• Combining Production Capacity: A contractor can generate economies of scale in production by combining small scale requirements of indvividual clients into significantly larger facilities.
  • Combining Transportation Assets: A contractor may combine the transportation asset and management requirements of a large number of clients, thereby creating sigificant scale and learning effects. Examples include DHL, UPS, and Deutsche Bahn Mobility Logistics.
  • Combining Warehouse Assets: Again, the assets needs of clients may be aggregated by a contractor to a higher level thereby creating scale effects.
  • Combining Knowledge and Learning: A contractor may offer specialized services and combine the service requirements across clients. Potential clients lack the scale required to invest and generate a return on these specialized services. Examples include customs brokerage, inventory management services, and network design services.

The largest outsourcing contractors offer a wide variety of services to potential clients and create customized packages. The ability of a contractor to take advantage of the supply chain surplus and the reduction of risk by the client follow from the three critical transaction variables identified by TCE and from RBV insights:

  • Asset Specificity: A high level of asset specificty on the part of a specific client reduces the ability of the outsourcing contractor to combine the functions, activities, and processes with other clients. This reduces the ability of the contractor to create scale effects. Furthermore, client risk may increase due to the potential for opportunistic behavior by the contractor. The large body of research supporting the connection between asset specifcity and the lack of vertical integration and/or outsourcing empirically supports the difficultes in outsourcing when asset specifcity is high.
  • Frequency and Scale: Although higher transaction frequency and certainty on the part of the client would seem to reduce the ability of a contractor to create supply chain surplus and thus favor vertical integration, TCE research does not provide consistent support. In practice, we can identify large clients that outsource a signifcant part of their supply chain operations: e.g., HP with UPS Supply Chain Solutions. The supply chain asset specificity of these large clients is typically low.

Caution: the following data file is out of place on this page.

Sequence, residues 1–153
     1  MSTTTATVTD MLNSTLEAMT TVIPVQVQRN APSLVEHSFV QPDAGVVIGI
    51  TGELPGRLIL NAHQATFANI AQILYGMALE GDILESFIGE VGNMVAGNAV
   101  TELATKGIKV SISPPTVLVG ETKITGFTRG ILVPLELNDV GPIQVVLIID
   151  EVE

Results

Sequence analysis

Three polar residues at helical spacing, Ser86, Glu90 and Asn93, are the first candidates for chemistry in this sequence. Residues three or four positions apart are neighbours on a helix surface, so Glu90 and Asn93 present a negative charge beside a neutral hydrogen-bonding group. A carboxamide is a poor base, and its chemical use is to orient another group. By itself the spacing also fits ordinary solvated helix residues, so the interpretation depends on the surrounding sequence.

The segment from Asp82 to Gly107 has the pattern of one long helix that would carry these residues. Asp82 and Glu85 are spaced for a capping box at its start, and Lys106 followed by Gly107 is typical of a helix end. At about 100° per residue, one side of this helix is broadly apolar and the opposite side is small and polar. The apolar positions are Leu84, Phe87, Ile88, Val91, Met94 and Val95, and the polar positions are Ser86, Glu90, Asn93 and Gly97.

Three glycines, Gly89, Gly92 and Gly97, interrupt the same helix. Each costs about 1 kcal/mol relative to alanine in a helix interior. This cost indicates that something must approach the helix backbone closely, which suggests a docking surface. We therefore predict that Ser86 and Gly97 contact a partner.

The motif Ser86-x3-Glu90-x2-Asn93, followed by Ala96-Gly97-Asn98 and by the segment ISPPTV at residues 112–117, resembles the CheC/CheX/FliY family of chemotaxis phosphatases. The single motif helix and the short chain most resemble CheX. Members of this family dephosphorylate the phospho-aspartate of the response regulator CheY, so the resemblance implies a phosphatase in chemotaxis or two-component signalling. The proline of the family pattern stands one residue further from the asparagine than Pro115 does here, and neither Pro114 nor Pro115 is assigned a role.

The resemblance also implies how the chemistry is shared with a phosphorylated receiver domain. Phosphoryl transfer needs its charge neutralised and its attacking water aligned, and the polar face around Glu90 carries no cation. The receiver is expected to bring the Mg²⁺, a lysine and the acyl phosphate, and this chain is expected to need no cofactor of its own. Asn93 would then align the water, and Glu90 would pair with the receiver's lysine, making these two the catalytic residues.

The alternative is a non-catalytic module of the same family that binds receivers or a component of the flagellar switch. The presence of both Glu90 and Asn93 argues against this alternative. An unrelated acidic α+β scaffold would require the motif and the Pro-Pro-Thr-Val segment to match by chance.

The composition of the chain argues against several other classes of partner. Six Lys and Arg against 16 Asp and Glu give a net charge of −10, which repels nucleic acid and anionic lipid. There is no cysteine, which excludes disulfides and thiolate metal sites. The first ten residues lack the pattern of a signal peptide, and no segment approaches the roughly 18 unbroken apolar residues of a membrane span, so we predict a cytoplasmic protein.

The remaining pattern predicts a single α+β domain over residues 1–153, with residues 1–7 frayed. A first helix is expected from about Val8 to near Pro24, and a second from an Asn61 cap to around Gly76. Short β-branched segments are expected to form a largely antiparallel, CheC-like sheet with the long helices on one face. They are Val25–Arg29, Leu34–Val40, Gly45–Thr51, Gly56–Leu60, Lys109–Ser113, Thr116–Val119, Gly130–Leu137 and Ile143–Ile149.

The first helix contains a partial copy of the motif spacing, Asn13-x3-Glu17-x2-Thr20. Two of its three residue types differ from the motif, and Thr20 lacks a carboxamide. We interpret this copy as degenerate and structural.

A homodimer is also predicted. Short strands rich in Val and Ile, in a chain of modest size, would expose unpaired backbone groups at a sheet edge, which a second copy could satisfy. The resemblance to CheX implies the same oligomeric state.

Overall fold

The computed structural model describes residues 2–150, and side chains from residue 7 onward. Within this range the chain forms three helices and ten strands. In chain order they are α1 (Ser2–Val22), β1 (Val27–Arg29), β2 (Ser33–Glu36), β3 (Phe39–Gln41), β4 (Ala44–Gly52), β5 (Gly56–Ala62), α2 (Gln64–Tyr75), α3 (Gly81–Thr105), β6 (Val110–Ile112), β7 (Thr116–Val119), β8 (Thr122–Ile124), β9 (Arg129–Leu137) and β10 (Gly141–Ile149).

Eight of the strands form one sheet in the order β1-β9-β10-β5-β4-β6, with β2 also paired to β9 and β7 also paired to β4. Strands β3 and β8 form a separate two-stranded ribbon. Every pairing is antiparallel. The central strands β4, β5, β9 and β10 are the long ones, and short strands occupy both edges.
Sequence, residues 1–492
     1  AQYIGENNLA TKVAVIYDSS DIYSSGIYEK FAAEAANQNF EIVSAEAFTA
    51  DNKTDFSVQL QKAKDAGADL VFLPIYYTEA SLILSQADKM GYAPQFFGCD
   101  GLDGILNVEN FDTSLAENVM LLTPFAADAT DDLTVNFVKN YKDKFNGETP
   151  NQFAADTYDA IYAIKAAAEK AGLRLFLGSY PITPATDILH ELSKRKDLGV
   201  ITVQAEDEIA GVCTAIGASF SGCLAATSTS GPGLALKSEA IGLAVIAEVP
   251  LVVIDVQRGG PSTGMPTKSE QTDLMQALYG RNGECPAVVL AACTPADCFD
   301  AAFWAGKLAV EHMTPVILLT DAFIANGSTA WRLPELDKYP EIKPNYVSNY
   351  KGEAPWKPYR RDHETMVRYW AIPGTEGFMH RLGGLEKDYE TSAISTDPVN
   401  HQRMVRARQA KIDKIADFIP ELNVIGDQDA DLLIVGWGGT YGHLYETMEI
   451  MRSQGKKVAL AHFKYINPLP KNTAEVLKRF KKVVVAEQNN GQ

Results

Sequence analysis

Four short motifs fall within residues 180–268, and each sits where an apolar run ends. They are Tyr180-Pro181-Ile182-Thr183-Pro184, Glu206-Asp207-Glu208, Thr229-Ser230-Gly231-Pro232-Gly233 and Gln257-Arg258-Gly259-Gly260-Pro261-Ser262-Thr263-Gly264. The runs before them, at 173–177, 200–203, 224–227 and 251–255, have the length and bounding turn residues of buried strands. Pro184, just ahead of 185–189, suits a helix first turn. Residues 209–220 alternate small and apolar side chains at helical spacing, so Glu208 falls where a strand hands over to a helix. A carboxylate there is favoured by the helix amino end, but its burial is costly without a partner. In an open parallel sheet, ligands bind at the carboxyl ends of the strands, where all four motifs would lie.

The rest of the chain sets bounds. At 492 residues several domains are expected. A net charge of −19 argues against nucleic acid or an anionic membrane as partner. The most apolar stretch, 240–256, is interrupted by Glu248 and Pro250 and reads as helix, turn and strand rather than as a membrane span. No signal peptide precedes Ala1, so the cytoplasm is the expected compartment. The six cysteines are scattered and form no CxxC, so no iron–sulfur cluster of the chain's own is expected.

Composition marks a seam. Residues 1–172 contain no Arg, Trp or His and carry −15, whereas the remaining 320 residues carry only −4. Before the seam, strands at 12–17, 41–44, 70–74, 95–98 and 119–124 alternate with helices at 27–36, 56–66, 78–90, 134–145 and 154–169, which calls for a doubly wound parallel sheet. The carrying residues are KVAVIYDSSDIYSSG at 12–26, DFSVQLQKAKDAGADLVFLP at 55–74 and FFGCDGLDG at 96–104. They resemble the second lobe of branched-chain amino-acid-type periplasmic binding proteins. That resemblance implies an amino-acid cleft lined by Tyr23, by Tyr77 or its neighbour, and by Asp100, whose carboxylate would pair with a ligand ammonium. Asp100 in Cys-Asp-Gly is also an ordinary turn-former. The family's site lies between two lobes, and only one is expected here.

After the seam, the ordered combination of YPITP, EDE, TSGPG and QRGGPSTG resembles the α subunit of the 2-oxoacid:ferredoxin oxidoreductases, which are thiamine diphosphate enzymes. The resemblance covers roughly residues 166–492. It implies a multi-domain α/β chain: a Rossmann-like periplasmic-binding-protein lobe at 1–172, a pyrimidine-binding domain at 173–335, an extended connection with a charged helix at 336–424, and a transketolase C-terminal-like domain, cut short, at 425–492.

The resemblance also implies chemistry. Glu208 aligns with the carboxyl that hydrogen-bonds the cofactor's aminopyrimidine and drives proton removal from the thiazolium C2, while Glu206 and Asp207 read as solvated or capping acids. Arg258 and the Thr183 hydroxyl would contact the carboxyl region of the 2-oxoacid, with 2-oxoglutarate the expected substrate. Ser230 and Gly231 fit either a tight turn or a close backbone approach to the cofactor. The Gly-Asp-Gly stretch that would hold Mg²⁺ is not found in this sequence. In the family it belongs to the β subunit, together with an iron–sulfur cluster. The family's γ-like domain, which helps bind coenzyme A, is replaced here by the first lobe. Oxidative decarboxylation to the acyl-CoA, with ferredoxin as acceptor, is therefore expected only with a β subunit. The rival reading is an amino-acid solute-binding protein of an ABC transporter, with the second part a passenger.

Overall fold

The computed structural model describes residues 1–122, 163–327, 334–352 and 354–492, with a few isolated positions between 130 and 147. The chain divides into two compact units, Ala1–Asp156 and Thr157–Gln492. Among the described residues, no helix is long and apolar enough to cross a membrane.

• The decision to outsource is frequently couched in terms of whether a process or function represents a core capability. The RBV would advocate that the critical factor is whether the resources behind a function or process lead to a long term sustained competitive advantage. If so, then the firm should put let of an emphsasis on outsourcing.

While a nubmber of benefits are assicated with outsourcing, risks and problems may be present.

  • Several industry experts have advocated that outsourcing a broken or ill-conceived process does not solve the problem. Rather, the broken process is simply outsourced and may be more difficult to manage from a remote distance.
  • Contracting is critical to the succes of an outsourcing arrangement. As mentioned before, contracts seem to behave as respoitories of knowledge, however, they are much more in terms of setting expectations, controlling opportunistic behavior, and regulating price and volume. A senior manager at UPS Supply Chain Solutions has said that "the most important elements of a contract are the performance measures."[46] Shared and detailed performance metrics allow the parties to create a common knowledge base and shared expectations (thereby building trust) while simultanesouly reducing opportunism.
  • Outsourcing may result in the contractor increasing and improving their knowledge base relative to that of the client, whose knowledge base may remain static. There are several fashions in which knowledge (a resource) may be impacted by outsourcing. A contractor may take over specific marketing functions and thus the client's knowledge about certain aspects of the market is not direct, but filtered through the contractor. A contractor may provide immediate access to frontier knowledge in product design, however, across time the client fails to build additional product resources that might lead to a long term sustained competitive advantage.
  • Despite effective contracts, outsourcing may associate with higher than expected coordination costs. This is a fundamental TCE concept. Market, hybrid, and vertcial integation modes all consume coordination costs. The issue is how these costs for each of the contractor and client are balanced against the risks and the increase in the supply chain surplus.
  • A 2008 Deloitte Consulting report[47] on the results of a survey of 300 businesses found that:
    • 39% of respondents had, at some during their career, cancelled an outsourcing contract and shifted to another vendor.
    • Functions had been in-sourced 50% of the time when managers were disatisfied with an outsourcing arrangement. These same dissatified managers realized that more time should have been spent on vendor evaluation (55%) and that more time should have been spend on defining key performance measures (49%).
    • Outsouring problem resolution had been pushed up to senior management 61% of the time during the first year of an outsourcing contract, although this percentage diminished across time.
    • Despite these problems, the majority stated that ROI goals had been met.